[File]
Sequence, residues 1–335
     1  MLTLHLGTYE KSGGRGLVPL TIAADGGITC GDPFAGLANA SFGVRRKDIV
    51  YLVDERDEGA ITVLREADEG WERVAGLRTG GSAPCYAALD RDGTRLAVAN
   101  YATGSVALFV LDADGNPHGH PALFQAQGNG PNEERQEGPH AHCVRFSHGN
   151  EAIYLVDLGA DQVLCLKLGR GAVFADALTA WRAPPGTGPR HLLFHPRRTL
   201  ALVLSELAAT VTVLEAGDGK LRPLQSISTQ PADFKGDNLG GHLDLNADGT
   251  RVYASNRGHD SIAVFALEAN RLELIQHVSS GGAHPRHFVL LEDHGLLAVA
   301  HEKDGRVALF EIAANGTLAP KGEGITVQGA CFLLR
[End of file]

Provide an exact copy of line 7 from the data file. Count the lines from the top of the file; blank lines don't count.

   251  RVYASNRGHD SIAVFALEAN RLELIQHVSS GGAHPRHFVL LEDHGLLAVA